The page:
Hammam Bouquet remains a customer favourite till date, along with Blenheim Bouquet (crafted in 1902 as a bespoke fragrance for the Duke of Malborough), English Fern and Douro (both 1911). Happily for lovers of history, even William Penhaligon’s bottle design remains largely unchanged, with the flash of ribbon taking us back down memory lane to the England of Queen Victoria.

penhaligons-historyVaseline, 1872

Would you believe that oil wells can be fashionable? In the hands of Robert Chesebrough, that’s a resounding yes. Cheseborough founded Vaseline when he was prospecting for oil at Titusville, Pennsylvania. The observation that oil rig workers used “rod wax” – the drill residue – to heal cuts and minor burns caught the chemist’s imagination. He then spent the better part of a decade refining the rod wax to the clear, white petroleum jelly that became Vaseline. The name came from a combination of the German wasser (water) and Greek oleon (oil).

However, drugstore owners were unimpressed and so Cheseborough took to the road, advertising the wares himself. The modus operandi? He would inflict wounds on his own body and spread Vaseline on the affected areas to show its efficacy (don’t try this at home!).

Soon, Vaseline was selling at the rate of a jar a minute and Queen Victoria knighted Chesebrough in 1883, telling the inventor that she used it every single day!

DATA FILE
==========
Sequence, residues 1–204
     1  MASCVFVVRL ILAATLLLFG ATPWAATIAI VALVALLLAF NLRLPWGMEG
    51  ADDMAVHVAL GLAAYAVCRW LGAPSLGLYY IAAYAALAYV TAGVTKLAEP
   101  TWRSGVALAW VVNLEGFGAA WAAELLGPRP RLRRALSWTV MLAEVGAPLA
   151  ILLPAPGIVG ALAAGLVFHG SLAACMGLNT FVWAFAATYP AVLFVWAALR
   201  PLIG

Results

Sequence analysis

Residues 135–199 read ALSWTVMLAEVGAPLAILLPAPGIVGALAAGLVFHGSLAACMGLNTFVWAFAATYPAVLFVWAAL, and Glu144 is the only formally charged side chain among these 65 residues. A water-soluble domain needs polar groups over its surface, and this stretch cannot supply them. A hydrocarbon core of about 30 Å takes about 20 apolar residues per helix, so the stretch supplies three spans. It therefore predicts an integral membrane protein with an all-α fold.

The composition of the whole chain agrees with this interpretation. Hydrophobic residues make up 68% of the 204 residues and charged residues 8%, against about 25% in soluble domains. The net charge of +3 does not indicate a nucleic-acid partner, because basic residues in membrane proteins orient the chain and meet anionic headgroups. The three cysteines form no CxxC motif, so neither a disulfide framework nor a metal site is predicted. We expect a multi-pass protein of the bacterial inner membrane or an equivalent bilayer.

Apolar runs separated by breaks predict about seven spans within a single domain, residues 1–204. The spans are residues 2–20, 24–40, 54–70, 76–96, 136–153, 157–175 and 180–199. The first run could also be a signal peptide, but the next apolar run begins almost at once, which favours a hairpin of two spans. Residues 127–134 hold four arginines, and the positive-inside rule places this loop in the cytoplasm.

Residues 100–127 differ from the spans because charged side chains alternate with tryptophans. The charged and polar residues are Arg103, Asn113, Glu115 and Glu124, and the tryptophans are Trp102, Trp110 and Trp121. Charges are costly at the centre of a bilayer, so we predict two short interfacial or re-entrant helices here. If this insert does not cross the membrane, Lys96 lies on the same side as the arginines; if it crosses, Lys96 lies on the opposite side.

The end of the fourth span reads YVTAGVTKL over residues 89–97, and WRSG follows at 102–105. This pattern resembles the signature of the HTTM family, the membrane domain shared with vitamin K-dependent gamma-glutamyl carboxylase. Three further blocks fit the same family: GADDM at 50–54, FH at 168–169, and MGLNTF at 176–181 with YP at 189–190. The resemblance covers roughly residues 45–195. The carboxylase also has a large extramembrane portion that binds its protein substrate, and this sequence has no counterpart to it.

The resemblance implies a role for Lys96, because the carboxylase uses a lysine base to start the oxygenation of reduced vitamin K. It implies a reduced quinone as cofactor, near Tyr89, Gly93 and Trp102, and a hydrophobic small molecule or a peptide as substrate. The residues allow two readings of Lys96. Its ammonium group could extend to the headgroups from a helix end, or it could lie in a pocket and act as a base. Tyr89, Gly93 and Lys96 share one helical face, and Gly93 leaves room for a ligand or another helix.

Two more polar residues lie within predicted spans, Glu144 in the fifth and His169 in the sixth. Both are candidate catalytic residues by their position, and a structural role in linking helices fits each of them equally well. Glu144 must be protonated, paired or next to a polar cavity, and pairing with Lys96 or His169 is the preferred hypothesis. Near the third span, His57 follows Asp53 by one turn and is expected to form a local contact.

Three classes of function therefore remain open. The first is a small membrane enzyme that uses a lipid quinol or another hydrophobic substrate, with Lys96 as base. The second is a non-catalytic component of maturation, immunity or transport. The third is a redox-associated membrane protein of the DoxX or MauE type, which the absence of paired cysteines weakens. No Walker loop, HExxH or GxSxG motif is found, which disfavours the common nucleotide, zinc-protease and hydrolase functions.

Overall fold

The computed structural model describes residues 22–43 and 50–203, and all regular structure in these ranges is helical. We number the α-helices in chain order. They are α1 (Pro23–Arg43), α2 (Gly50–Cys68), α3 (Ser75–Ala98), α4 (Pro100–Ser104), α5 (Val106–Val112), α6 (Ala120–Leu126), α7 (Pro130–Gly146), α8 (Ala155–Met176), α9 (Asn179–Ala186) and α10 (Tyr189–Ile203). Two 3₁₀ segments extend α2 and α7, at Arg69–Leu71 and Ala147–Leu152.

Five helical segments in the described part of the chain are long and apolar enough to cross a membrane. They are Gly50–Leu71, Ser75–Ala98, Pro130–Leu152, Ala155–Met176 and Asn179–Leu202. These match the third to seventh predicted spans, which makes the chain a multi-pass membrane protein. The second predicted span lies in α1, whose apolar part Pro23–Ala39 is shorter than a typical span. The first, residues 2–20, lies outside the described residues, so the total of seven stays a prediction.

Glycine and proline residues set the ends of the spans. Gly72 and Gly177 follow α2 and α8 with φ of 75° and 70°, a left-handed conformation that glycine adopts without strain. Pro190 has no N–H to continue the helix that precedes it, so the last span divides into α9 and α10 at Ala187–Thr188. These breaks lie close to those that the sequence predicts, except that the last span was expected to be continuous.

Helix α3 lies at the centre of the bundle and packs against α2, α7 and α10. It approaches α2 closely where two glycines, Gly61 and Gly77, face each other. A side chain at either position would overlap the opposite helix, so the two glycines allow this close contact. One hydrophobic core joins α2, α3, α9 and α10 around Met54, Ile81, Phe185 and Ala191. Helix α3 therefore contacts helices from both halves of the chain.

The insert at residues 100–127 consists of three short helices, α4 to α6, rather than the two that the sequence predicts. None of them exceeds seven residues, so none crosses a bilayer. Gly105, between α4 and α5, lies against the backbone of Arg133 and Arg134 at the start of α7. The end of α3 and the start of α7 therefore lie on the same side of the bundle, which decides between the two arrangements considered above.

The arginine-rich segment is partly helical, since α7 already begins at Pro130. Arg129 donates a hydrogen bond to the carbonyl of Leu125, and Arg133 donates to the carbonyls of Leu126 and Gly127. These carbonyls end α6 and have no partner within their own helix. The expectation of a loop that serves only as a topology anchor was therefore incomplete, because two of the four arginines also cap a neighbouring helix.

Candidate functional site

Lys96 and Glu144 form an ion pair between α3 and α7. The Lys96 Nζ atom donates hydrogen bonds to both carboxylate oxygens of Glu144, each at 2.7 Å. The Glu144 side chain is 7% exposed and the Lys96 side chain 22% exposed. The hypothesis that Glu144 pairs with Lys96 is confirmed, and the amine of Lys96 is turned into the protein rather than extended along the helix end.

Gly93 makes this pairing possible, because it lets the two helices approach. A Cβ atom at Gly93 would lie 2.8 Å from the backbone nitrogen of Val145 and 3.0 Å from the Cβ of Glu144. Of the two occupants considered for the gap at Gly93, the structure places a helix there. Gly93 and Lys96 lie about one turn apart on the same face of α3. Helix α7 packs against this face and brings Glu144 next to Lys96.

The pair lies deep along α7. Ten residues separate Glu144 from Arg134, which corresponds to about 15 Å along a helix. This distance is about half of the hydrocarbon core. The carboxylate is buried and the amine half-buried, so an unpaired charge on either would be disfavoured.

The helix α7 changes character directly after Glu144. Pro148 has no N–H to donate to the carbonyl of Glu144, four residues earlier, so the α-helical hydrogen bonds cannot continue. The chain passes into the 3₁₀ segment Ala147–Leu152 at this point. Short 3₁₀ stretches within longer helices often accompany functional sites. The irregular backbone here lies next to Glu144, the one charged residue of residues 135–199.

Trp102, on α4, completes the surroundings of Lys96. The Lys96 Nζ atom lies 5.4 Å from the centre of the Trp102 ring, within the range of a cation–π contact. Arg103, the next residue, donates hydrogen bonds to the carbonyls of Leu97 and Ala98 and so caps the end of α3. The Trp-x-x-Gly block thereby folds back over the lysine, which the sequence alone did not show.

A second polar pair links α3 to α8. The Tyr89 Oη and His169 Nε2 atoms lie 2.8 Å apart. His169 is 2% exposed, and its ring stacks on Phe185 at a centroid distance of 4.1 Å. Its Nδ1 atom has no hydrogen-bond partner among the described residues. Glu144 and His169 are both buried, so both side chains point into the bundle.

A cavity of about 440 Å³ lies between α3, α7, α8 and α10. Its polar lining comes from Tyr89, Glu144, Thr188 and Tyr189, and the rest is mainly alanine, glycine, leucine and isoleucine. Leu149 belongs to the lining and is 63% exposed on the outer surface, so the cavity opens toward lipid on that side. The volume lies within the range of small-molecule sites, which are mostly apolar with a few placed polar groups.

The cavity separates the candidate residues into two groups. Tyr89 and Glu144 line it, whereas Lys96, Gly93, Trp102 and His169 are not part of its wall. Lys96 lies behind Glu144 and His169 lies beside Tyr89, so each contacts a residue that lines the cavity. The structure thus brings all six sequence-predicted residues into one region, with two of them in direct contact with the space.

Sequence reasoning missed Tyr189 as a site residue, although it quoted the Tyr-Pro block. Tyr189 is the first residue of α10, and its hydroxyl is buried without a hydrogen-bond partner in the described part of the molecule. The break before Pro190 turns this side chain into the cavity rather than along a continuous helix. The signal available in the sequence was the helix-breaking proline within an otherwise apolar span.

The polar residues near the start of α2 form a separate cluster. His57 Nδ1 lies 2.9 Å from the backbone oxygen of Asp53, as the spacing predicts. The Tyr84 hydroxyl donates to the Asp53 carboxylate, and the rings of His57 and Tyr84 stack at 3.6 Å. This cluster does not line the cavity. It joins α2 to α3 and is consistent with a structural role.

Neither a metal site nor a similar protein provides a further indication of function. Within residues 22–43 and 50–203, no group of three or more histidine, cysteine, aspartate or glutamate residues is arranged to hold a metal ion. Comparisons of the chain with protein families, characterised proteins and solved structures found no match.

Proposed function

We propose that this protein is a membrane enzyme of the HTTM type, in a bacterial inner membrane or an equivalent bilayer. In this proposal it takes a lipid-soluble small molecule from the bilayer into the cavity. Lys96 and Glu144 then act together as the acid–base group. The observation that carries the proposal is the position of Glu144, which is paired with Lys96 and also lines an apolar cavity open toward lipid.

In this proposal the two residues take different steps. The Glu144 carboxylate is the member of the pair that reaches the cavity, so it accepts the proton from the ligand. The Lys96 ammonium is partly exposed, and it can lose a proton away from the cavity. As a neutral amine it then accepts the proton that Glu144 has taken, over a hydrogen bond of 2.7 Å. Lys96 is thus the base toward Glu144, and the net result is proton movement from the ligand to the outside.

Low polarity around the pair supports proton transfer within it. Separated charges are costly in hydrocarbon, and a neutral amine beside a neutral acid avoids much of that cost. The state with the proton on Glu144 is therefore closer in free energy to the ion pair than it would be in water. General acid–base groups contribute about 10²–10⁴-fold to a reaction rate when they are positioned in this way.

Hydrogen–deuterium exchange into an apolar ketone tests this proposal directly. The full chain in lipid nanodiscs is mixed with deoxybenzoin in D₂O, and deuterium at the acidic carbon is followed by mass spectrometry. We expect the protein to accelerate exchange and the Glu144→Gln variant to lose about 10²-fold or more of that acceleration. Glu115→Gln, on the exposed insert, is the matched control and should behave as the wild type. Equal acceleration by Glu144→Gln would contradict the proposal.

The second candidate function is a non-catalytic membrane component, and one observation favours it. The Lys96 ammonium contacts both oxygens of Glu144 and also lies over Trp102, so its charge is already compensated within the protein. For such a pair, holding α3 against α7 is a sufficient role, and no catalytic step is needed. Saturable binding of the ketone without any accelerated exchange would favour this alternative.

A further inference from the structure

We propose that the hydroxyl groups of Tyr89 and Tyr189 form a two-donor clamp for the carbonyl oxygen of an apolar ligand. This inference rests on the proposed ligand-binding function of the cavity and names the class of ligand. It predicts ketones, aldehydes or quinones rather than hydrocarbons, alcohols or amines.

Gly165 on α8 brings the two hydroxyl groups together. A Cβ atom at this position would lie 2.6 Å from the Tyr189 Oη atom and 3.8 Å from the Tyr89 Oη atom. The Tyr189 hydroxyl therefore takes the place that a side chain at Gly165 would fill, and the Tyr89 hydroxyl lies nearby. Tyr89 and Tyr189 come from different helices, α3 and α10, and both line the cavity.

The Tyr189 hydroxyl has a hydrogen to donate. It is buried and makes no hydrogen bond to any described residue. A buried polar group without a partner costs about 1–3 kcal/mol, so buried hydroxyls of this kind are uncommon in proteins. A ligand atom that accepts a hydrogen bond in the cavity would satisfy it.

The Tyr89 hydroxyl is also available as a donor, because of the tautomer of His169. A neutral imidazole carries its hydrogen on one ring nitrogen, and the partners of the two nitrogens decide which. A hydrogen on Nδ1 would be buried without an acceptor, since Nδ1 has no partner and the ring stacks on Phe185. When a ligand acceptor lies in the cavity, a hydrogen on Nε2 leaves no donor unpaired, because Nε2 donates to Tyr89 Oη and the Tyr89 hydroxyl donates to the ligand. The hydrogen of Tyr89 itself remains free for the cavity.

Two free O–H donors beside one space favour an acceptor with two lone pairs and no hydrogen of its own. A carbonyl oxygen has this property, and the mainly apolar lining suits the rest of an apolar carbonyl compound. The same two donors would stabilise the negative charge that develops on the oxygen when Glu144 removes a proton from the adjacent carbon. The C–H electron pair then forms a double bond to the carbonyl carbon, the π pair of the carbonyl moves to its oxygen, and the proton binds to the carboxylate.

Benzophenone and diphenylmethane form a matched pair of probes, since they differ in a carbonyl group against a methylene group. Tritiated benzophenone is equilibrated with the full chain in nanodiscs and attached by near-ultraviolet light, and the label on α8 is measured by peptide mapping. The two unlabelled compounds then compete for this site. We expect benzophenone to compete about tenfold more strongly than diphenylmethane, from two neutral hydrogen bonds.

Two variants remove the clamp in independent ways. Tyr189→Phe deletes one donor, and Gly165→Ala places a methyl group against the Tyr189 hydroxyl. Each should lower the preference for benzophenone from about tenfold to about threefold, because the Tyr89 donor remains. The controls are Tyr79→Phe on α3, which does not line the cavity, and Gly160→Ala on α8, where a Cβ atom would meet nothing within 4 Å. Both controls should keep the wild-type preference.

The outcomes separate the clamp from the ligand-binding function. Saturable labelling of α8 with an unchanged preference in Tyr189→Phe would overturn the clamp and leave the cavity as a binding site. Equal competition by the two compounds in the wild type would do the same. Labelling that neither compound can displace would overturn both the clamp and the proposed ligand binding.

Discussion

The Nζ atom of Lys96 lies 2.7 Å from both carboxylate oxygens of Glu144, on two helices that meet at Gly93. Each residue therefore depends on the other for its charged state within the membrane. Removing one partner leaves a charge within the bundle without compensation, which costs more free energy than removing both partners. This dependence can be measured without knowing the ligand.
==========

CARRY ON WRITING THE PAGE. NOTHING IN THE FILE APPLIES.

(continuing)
vaseline-historyBonus fact: Cheseborough ate a spoonful of Vaseline every day. Though I seriously wouldn’t recommend this, the inventor lived to be 96 years old.

Another bonus fact: In 1886, Manufacture and Builder reported: “French bakers are making large use of vaseline in cake and other pastry. Its advantage over lard or butter lies in the fact that, however stale the pastry may be, it will not become rancid.”

Listerine, 1879

Developed by Missouri chemist Joseph Lawrence as a surgical antiseptic, Listerine was named after Baron Joseph Lister, a pioneer of antiseptic surgery. Over the years, this combination of menthol, thymol (thyme), eucalyptol (eucalyptus) and methyl salicylate (wintergreen) has been used for purposes ranging from gonorrhoea and bathing surgical wounds to treating sore throats, soothing insect bites and cleaning the floor.

However, Listerine truly hit its stride in 1895, when it caught the attention of dentists. In fact, the word ‘halitosis’ (Latin for ‘bad breath’) was coined by Listerine staff and this became the first over the counter mouthwash to be sold without a prescription. At one point, they were even manufacturing Listerine cigarettes!

Today, the 138-year-old liquid remains the oldest product in the Johnson & Johnson portfolio.

listerine-historyIvory Soap, 1879